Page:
For those who haven’t heard about it, Call Me By Your Name is taking the country--and possibly the Oscars--by storm. The visuals are lush, the love story moving and tender, but most moving of all? The PFLAG parents supporting the story's central character.
In the summer of 1983, in the north of Italy, Elio Perlman, (Timothée Chalamet) a 17- year-old American, spends his days in his family’s 17th century villa lazily transcribing music and flirting with his friend Marzia (Esther Garrel). One day Oliver (Armie Hammer), a 24-year-old graduate student working on his doctorate arrives as the annual summer intern tasked with helping Elio’s father (Michael Stuhlbarg), an eminent professor specializing in Greco-Roman culture. Soon, Elio and Oliver embark on a relationship that will alter their lives forever. For some parents, giving their children the freedom to explore love and intimate feelings is already a challenge. And for parents of LGBTQ youth, there can be an additional layer of emotions.
Call Me By Your Name so beautifully and movingly tackles this sometimes complicated family relationship. The Perlmans, played by actors Stuhlbarg (as the loving dad), and Amira Casar, so deeply love their son, and you can see it in both grand gestures and quiet moments throughout the film. The biggest moment between them, however--and arguably the pinnacle of the film--comes in the form of a monologue delivered by Mr. Perlman to his son at the very end of the film. In it he says,
"You had a beautiful friendship. Maybe more than a friendship. And I envy you. In my place, most parents would hope the whole thing goes away, or pray that their sons land on their feet soon enough. But I am not such a parent. In your place, if there is pain, nurse it, and if there is a flame, don’t snuff it out, don’t be brutal with it. Withdrawal can be a terrible thing when it keeps us awake at night, and watching others forget us sooner than we’d want to be forgotten is no better. We rip out so much of ourselves to be cured of things faster than we should that we go bankrupt by the age of 30 and have less to offer each time we start with someone new. But to feel nothing so as not to feel anything—what a waste!”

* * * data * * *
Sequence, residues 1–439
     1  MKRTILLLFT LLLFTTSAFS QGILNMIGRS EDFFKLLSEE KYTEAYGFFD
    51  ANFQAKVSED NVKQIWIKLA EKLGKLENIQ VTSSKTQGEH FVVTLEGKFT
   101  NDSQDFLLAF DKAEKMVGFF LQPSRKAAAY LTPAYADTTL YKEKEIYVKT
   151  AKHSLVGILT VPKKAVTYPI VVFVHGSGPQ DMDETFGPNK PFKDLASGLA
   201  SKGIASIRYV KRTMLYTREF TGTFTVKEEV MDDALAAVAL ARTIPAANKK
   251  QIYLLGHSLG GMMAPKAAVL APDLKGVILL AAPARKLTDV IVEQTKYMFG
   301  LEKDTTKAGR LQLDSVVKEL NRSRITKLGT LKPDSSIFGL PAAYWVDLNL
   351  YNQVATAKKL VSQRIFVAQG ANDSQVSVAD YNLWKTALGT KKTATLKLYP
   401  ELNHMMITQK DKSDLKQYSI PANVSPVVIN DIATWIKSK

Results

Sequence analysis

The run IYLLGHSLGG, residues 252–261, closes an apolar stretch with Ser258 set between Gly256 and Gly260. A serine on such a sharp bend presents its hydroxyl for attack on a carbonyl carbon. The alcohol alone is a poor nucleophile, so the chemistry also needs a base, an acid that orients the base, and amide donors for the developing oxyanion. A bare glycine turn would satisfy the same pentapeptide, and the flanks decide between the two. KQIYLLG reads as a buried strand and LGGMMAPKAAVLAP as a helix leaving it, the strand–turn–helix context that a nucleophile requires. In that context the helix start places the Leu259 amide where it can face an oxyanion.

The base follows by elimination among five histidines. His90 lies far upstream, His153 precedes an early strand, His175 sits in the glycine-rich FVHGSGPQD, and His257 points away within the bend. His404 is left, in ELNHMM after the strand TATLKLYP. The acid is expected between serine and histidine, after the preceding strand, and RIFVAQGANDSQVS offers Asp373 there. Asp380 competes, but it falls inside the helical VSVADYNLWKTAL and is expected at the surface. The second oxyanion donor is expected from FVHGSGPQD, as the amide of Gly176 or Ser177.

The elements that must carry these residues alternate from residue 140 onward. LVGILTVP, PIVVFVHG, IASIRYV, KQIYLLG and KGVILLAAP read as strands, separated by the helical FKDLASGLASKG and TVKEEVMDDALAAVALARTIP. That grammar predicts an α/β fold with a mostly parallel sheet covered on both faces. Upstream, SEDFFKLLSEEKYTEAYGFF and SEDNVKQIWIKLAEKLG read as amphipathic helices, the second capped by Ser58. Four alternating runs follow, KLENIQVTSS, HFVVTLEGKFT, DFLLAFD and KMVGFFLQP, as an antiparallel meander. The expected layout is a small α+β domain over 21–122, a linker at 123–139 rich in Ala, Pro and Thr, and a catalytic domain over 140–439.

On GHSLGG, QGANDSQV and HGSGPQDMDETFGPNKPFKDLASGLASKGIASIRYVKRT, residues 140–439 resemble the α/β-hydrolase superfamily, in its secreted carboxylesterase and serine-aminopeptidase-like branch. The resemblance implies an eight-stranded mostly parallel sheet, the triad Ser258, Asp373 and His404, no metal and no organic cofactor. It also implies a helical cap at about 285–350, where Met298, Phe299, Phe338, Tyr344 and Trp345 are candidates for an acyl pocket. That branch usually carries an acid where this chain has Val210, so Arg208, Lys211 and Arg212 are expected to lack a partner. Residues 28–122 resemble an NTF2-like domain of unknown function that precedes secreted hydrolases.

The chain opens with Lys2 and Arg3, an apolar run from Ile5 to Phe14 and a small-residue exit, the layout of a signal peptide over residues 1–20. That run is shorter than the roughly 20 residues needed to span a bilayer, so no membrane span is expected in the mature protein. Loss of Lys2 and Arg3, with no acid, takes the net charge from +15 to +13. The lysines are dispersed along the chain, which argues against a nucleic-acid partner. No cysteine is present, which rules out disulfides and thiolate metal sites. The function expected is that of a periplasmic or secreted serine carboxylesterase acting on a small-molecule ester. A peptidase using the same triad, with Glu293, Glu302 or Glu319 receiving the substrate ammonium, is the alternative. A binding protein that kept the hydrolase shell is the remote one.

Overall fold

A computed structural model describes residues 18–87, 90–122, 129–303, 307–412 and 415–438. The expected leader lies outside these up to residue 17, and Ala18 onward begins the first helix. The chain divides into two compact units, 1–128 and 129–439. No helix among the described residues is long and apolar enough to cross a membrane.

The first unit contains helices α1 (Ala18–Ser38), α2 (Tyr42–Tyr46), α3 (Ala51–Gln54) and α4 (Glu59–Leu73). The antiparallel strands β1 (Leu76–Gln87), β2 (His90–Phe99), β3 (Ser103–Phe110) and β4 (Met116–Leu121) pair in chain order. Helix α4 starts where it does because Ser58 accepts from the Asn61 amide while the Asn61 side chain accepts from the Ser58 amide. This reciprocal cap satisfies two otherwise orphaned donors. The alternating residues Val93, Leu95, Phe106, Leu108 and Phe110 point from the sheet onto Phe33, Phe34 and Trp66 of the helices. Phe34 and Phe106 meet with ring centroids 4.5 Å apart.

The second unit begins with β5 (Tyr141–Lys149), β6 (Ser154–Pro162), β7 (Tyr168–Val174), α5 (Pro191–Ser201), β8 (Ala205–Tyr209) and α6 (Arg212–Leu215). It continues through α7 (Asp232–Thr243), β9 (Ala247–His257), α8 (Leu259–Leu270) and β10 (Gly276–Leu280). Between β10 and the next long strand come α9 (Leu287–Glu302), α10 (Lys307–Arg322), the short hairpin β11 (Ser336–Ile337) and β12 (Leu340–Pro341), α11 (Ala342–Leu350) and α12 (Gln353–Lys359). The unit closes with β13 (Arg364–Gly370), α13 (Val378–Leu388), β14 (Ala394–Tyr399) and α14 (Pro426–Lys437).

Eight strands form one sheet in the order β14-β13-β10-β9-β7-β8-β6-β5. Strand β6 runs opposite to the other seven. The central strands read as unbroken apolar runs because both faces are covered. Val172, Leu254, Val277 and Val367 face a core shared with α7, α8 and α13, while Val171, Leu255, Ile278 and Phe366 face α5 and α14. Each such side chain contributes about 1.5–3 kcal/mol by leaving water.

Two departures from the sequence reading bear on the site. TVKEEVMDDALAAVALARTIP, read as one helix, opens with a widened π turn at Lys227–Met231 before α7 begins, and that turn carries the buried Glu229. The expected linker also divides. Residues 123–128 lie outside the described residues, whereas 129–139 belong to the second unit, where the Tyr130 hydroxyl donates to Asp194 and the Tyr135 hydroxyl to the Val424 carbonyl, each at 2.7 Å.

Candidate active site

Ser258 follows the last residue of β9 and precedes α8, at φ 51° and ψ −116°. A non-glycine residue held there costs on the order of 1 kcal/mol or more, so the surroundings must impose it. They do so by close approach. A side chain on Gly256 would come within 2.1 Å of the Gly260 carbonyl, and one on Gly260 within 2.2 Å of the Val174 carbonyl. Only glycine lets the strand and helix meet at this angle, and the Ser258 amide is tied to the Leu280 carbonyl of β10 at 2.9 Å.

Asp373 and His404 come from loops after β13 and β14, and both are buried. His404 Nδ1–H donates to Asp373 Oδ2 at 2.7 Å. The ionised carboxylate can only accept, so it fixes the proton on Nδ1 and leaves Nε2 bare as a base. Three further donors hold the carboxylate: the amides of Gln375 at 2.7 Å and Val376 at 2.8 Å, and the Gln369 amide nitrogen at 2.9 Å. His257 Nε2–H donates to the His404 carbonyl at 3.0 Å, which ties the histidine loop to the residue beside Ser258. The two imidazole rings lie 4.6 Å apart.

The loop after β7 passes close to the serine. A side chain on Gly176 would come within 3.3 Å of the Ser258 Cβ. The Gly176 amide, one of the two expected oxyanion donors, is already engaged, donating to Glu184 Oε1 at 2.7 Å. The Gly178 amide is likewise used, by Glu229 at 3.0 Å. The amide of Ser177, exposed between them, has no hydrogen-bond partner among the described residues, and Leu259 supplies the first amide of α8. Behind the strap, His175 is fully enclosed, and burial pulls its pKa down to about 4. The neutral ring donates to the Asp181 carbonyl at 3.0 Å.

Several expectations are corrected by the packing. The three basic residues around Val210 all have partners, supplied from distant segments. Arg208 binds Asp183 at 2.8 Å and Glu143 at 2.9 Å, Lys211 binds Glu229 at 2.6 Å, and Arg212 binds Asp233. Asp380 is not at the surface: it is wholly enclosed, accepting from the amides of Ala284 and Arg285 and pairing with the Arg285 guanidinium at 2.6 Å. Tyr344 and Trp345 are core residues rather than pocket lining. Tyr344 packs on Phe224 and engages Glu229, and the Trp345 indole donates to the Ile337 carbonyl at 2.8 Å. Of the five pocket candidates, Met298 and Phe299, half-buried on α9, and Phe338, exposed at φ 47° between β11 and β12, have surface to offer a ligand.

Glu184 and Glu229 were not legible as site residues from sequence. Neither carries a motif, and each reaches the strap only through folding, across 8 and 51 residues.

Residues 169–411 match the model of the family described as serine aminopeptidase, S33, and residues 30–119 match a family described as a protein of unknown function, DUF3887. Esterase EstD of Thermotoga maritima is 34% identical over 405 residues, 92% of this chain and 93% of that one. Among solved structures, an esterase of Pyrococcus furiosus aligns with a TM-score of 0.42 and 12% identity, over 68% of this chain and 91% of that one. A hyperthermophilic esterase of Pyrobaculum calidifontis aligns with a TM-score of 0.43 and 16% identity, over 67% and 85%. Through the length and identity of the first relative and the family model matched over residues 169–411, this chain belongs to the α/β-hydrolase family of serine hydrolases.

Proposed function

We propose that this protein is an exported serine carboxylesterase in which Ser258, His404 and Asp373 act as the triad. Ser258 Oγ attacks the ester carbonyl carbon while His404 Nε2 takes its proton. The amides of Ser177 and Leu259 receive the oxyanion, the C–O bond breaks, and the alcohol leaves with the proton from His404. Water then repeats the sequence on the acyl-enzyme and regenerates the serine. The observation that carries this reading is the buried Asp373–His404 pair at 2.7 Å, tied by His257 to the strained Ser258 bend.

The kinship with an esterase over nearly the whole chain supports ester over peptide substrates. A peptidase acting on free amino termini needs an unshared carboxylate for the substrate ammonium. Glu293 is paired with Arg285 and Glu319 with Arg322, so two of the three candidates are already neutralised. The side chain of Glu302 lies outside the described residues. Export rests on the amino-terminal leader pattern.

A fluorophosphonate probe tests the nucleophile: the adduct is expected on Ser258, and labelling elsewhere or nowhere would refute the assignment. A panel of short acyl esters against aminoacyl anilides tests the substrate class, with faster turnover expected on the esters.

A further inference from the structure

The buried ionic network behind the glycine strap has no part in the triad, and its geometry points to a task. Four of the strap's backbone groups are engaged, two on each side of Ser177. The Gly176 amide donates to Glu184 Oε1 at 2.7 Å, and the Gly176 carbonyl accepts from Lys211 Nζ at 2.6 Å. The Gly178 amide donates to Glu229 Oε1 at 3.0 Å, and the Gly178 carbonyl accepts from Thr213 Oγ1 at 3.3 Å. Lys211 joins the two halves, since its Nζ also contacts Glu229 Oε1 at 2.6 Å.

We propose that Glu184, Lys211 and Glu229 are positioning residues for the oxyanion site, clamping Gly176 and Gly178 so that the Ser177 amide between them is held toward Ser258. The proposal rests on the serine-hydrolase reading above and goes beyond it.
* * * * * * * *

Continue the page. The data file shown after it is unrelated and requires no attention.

He is the PFLAG dad we all want: PFLAG Northern Italy anyone?
Director Luca Guadadnino was recently asked by the Washington Post whether the relationship between Elio and his father is really the more significant relationship in the film. Guadagnino responded, "Absolutely, yes. Familial bonds are central to this film. This is a movie for families and about family. It’s about the transmission of knowledge, whether through actual conversation or unspoken behavior. In the movie, you see the way the parents cast their gaze upon this boy, the way they welcome Oliver into the house, the way other people come and go without knocking. When Elio starts wearing the Star of David around his neck, as an expression of his Jewishness, you see in the way his mother caresses his neck that she is, without saying anything, saying everything."
And that's how PFLAGers do it: Time and again we hear stories of parents who showed quiet support for their kids that made the difference between them comfortably coming out as opposed to staying quietly hidden away in fear. It is these moments of the film--and in life--that are most moving.
Watch the trailer, and then visit http://gwi.io/h68cg4?gwiCampaign=PFLAG to see the calendar for opening dates. We encourage PFLAGers to organize group outings to the theater, as many theaters will offer discounted tickets to groups that buy in bulk. If you are interested in learning more about bulk tickets to your local theater, please reach out to Claire Cifelli at Claire_cifelli@spe.sony.com.